‘A prison visitor in there was the most trusted person in the prison. We had nothing to gain, we had no uniform, we didn’t get paid, we were there because we wanted to be there.

‘They and the staff respected us. I said yes. That was April, 1997, 21 years gone April.’

Mary visited weekly until 2005 when Durham Prison’s H Wing closed, leaving West to be the last inmate before her transfer to Bronzefield, in Surrey.

The move marked the end to her official prison visiting but did not signal the end to her relationship with West.

She added: ‘I did keep in touch with her by letter and telephone.

‘I couldn’t ring her but she could ring me and I would visit her, periodically.’

On West’s return to Durham about nine years ago, this time to all-female, high security Low Newton, Mary was subject to a rigorous vetting process to gain a visiting order to continue their meetings.

For confidentiality, Mary was unable to go into detail about their conversations but said they talk about ‘normal things that normal human beings do’.

‘Politics, religion, topical things that are going on in the world, not football but sometimes,’ she added.

Mary was also given permission to do West’s clothes shopping via a catalogue which she continues to do.

West tells her what she wants, she rings it in, takes delivery, sends it unopened to the prison and receives a cheque from the inmate’s account.

Over their 21-year relationship West has grown to see Mary as a mother figure, and calls her mum.

She said: ‘She’s adopted me, they all adopt me.

‘I feel very privileged that somebody would feel like that about me.’

And despite being found guilty of ten murders in 1995, West has always professed her innocence – something Mary has confirmed.

Owing to Mary’s age and inability to drive, their meetings have become fewer and further between.

She said: ‘I maybe visited once every three weeks when she first came back but now there might be a couple of months in between.

‘It’s flexible but she does ring. I ring, book a visit, go to the visitor’s centre and then I go.

‘She would love me to go every day if I could. She’s always delighted.’

When she does go, she either gets two buses and walks for 25-minutes or is driven by husband and Anglican Vicar Mark, who on occasion accompanies her.

The former Durham County Council vice chairman worked as a chaplain in prisons across the UK for several decades and in retirement still holds a licence to operate in the Dioceses of Durham and Newcastle.

Mary says she has no plans to end her relationship with West which she believes will be life-long.

She added: ‘She (West) will never ever come out. As long as I’m able to get there or she’s able to ring I’ll continue just as I would with any other relationship.’

THE MANY VICTIMS OF SERIAL KILLERS FRED AND ROSE WEST

Tragic: Lucy Partington, the cousin of novelist Martin Amis, went missing in December 1973

Although Fred West was convicted of killing 12 women and Rose 10, the pair are thought to have killed up to 20 more.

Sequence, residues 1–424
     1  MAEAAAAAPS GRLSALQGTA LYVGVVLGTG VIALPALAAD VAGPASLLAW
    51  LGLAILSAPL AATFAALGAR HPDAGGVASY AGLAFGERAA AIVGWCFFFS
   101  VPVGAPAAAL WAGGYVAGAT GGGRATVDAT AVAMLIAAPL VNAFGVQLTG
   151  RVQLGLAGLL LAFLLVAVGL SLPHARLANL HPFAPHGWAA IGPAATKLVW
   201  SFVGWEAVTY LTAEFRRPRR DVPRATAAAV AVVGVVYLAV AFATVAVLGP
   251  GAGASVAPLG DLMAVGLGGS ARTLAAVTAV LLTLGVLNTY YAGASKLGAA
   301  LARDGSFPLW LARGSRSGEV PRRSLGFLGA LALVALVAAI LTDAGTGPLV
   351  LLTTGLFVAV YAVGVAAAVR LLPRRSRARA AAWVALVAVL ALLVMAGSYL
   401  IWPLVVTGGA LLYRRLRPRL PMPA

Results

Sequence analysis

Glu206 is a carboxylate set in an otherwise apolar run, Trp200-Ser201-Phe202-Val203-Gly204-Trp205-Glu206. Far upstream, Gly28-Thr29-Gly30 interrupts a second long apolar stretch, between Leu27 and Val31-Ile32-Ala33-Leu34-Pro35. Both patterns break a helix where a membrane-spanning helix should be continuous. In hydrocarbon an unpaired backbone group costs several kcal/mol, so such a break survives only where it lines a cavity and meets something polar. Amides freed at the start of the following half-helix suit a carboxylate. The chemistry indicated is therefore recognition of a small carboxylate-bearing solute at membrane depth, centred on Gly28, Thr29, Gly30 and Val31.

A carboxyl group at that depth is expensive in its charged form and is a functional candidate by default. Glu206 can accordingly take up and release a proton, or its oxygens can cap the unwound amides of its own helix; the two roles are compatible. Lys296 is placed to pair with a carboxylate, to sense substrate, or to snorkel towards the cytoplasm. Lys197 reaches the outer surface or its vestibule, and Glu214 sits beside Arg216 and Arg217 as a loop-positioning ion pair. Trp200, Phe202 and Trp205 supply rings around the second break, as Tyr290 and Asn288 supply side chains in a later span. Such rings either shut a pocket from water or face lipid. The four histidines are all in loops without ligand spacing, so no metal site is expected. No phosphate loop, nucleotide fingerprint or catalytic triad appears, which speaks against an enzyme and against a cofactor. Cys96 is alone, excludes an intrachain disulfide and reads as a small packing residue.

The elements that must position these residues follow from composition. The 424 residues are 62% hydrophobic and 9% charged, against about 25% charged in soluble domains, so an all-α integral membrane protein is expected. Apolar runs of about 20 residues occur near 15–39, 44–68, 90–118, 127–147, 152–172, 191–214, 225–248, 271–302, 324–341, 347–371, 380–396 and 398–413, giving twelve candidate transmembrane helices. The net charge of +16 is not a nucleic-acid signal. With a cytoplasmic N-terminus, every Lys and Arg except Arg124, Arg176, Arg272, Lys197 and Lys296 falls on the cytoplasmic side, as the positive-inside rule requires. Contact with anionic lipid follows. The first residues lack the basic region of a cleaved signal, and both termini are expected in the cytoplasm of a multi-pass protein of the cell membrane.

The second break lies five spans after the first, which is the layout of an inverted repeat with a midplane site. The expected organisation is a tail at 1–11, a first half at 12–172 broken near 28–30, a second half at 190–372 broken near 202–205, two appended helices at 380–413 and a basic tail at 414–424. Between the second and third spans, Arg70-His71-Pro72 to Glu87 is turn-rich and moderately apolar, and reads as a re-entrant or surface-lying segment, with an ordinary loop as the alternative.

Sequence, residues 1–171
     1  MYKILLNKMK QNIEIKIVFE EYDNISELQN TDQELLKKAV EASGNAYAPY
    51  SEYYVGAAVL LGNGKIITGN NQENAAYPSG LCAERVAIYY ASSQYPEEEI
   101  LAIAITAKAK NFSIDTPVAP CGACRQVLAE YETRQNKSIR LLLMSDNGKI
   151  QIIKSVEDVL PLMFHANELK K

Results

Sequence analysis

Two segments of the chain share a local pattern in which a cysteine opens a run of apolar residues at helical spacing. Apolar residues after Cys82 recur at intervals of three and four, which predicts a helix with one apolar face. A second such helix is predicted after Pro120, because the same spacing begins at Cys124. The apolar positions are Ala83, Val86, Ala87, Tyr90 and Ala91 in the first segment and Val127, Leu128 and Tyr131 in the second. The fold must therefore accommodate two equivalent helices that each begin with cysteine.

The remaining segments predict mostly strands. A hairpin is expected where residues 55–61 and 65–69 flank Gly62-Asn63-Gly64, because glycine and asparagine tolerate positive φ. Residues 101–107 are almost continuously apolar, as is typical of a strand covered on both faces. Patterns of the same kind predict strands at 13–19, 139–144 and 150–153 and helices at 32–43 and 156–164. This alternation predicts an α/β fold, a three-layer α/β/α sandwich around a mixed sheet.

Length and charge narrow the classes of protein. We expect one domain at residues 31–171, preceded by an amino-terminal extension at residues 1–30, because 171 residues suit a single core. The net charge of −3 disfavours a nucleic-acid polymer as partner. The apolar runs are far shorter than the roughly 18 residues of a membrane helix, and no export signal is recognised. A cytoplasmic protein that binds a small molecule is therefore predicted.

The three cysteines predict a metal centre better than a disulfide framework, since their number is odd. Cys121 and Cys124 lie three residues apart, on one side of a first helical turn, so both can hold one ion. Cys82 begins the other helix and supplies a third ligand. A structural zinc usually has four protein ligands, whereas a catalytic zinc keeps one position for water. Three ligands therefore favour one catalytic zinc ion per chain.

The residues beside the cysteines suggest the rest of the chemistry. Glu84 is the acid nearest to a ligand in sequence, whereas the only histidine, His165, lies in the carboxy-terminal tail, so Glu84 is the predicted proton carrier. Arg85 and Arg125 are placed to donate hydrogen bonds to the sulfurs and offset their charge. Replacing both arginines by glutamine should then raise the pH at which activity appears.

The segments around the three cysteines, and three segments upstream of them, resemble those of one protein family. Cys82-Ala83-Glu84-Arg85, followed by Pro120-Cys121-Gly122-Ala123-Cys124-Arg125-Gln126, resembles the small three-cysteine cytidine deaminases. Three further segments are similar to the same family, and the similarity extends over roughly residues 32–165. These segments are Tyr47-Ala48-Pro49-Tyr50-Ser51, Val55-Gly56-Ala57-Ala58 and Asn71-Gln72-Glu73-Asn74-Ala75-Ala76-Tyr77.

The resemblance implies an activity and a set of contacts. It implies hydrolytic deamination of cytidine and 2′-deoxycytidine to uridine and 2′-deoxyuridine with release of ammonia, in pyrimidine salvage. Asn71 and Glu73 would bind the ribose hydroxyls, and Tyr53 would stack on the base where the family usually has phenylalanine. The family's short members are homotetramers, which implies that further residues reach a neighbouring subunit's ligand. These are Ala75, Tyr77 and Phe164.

One victim who was almost certainly killed by West was his former girlfriend Anne McFall who like the others, was found in a shallow grave with body parts missing. West denied it.

Confirmed victims include:

Charmaine West, eight: Fred West’s stepdaughter from his first marriage, Charmaine was murdered by Rose in 1971 while Fred was in prison.

Rena Costello, 27: Charmaine’s mother Rena, Fred’s first wife, was murdered when she arrived to pick up her daughter Charmaine in August 1971. With Charmaine already dead, it is thought Fred killed her to avoid an investigation.

Lynda Gough, 20: Miss Gough was a lodger in the West’s home and was killed in April 1973. Rose told her mother she had moved to Weston-super-Mare.

Carol Ann Cooper, 15: The teenager disappeared while walking home from the cinema to her Worcester children’s home in November 1973. Her remains were found buried in the Wests’ garden.

Lucy Partington, 21: After spending Christmas with her family in Cheltenham, Miss Partington disappeared after leaving to catch a bus. The student was the cousin of novelist Martin Amis and the sister of author Marian Partington.

Therese Siegenthaler, 22: The South London student was killed in April 1974 after disappearing while attempting to hitch-hike to Ireland.

Shirley Hubbard, 15: One of the Wests’ youngest victims, she disappeared on her way home from college in Droitwich. When her body was discovered, her head was completely covered in tape with a rubber tube placed in her mouth to allow her to breathe.

Juanita Mott, 18: Miss Mott, a former lodger at 25 Cromwell Street, was living in Newent when she vanished.

Shirley Robinson, 19: Another lodger, Miss Robinson was killed in 1978 after becoming pregnant with West’s child.

Alison Chambers, 17: The teenager disappeared in August 1979 and her remains were later found beneath the patio at 25, Cromwell Street.

Heather West, 17: Repeatedly raped by her father, Heather complained to friends about the abuse and was murdered by her parents in a bid to keep her quiet.